Citing the United Nations’ Universal Declaration of Human Rights, Access Now, an organization that advocates for open digital communication, called for the prohibition of government hacking in its report “A Human Rights Response to Government Hacking,” released on Tuesday.

“Hacking is one of the most invasive activities governments can engage in, yet it is occurring in the dark, without public debate. It is critical for governments, law enforcement, technologists, and civil society to have an honest conversation about the impact of government hacking in the digital age,” said Amie Stepanovich, U.S. policy manager at Access Now.

The report said that most government hacking infringes upon the human rights of property, freedom of opinion, freedom of thought, freedom from arbitrary attacks on privacy, freedom of assembly, and right to a fair trial.

It defines hacking in three areas: to control messaging to the public, to intentionally cause damage, and to commission intelligence or surveillance gathering.

The report condemns the first two hacking practices outright, and proposes “Ten Human Rights Safeguards for Government Hacking,” restricting intelligence and surveillance hacking to the “rare, limited, exceptional cases” for which it is essential:

  1. Government hacking must be explicitly provided for by law.
  2. The government must explain why hacking is the least invasive means for accessing protected information.
  3. Hacking operations must never occur in perpetuity.
  4. Governments must apply to a “competent judicial authority who is legally and practically independent from the entity requesting the authorization.”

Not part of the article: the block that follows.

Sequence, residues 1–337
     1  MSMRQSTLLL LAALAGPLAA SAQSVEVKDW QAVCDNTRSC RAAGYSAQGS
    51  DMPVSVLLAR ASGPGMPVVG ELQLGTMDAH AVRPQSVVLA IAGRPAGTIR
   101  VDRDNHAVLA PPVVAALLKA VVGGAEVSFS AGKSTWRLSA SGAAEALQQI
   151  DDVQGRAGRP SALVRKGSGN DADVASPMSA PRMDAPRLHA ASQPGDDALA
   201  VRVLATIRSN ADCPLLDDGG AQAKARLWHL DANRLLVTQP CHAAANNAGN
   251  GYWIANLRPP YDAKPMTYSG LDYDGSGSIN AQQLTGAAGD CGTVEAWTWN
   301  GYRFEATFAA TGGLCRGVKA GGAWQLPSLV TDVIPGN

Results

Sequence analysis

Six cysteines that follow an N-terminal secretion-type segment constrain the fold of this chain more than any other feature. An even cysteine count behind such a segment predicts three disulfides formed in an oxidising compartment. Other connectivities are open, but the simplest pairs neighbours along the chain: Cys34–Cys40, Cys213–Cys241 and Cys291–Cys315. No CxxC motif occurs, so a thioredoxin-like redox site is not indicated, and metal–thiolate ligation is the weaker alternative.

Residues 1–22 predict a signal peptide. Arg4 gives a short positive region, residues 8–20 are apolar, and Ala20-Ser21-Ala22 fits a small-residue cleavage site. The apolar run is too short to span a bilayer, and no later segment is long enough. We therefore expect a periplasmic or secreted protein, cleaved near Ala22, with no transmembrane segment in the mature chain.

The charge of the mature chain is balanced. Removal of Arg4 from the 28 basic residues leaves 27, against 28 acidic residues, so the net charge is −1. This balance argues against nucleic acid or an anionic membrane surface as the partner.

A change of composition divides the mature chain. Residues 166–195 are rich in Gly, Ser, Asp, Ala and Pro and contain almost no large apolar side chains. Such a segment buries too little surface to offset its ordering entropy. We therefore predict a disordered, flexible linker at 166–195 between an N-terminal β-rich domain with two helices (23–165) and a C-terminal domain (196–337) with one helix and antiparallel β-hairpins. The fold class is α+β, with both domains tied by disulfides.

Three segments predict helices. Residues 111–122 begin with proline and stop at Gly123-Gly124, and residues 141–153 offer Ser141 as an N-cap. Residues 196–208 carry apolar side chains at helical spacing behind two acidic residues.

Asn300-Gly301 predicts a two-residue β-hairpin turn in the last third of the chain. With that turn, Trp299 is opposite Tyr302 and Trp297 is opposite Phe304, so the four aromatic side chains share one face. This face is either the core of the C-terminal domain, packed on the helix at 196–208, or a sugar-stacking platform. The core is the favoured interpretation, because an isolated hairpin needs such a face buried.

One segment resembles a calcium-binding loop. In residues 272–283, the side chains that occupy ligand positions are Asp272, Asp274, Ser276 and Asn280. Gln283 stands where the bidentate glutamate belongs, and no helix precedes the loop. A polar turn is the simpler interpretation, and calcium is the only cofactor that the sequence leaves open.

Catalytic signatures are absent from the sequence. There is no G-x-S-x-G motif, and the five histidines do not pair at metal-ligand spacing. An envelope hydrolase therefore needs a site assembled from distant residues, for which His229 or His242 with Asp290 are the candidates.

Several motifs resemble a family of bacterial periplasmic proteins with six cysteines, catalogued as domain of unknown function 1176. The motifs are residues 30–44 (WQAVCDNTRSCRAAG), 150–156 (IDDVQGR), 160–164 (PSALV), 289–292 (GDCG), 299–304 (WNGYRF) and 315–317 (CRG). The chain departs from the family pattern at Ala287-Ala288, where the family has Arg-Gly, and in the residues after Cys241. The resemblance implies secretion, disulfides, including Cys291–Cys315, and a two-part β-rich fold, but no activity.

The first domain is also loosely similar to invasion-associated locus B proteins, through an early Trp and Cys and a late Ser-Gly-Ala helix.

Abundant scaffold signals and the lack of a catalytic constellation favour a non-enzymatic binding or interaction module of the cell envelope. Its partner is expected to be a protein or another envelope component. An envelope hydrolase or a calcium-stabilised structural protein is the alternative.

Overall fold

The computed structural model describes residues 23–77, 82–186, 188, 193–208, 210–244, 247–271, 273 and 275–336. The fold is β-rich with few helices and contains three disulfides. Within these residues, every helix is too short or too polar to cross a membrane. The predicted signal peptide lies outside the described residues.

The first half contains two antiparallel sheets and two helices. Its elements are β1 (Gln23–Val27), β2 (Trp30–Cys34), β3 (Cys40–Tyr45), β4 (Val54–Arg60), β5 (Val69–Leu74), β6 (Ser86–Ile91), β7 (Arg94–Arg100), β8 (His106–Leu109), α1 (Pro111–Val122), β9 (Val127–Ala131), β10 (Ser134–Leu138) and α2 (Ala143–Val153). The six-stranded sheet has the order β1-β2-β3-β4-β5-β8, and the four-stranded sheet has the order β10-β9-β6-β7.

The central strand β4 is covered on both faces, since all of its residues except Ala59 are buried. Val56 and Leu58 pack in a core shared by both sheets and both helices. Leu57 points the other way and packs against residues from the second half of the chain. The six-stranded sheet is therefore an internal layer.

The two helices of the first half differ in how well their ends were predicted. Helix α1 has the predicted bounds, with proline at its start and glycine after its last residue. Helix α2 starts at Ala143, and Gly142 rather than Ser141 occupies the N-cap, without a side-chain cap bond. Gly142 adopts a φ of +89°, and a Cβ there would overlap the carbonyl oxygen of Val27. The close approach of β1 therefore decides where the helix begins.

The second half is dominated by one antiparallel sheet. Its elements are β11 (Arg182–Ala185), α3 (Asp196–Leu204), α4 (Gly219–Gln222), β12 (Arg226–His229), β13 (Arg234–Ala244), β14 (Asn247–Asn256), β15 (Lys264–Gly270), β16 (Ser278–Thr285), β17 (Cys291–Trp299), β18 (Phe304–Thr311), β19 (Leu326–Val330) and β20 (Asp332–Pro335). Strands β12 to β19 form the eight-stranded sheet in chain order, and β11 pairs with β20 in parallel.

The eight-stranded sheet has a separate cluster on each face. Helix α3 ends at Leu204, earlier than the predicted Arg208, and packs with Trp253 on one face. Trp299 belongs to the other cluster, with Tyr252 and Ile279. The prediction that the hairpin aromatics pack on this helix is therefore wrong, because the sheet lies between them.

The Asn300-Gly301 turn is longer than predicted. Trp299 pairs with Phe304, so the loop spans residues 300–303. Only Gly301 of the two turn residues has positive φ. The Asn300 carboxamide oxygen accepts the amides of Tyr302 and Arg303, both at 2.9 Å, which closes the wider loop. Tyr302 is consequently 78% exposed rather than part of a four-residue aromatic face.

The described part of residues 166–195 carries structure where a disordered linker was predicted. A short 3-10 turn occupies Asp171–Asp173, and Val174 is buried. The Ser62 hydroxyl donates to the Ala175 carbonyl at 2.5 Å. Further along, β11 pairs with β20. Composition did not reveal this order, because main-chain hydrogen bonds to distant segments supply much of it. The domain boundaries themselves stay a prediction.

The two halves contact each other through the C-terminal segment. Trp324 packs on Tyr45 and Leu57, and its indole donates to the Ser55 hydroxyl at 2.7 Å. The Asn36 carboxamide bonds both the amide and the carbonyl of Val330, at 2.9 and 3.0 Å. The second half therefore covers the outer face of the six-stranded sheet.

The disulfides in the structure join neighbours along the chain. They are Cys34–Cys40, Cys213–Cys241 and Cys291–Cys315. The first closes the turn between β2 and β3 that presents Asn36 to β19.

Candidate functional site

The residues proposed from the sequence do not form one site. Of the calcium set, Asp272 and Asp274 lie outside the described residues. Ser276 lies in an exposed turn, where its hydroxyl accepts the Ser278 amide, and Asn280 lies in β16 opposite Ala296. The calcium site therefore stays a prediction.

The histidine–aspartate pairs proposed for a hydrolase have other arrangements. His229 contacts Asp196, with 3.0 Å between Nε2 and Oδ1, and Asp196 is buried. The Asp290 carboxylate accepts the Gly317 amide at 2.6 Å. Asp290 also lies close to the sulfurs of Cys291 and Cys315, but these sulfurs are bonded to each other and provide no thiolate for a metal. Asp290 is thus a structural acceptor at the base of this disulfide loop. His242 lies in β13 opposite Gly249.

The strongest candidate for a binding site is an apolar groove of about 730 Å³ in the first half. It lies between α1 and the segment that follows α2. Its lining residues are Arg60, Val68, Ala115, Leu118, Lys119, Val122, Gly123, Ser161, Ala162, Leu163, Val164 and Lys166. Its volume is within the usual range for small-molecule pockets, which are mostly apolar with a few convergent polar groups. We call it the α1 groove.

5. Governments must provide notice to the target of the operation and to owners of the devices and networks affected, when possible.
  6. Agencies must publish the extent of their hacking in annual reports.
  7. Governments cannot compel private entities to act in a way that would undermine the security of their products and services.
  8. Governments must report back to the judicial authority if their hacking exceeds initial authorization.
  9. Extraterritorial hacking should not occur without specific authority.
  10. Agencies conducting hacking should disclose all vulnerabilities that they discover or purchase.

Through the seventh requirement, the report strongly sides with the private sector’s stance on strong encryption, which has often run up against the FBI stance that law enforcement should have some means of access when in possession of a warrant.

Though the report cites U.N. policy and international law, it is less specific about who should ideally enforce its Ten Human Rights Safeguards for Government Hacking.

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Jessie Bur
Jessie Bur
Jessie Bur is a Staff Reporter for MeriTalk covering Cybersecurity, FedRAMP, GSA, Congress, Treasury, DOJ, NIST and Cloud Computing.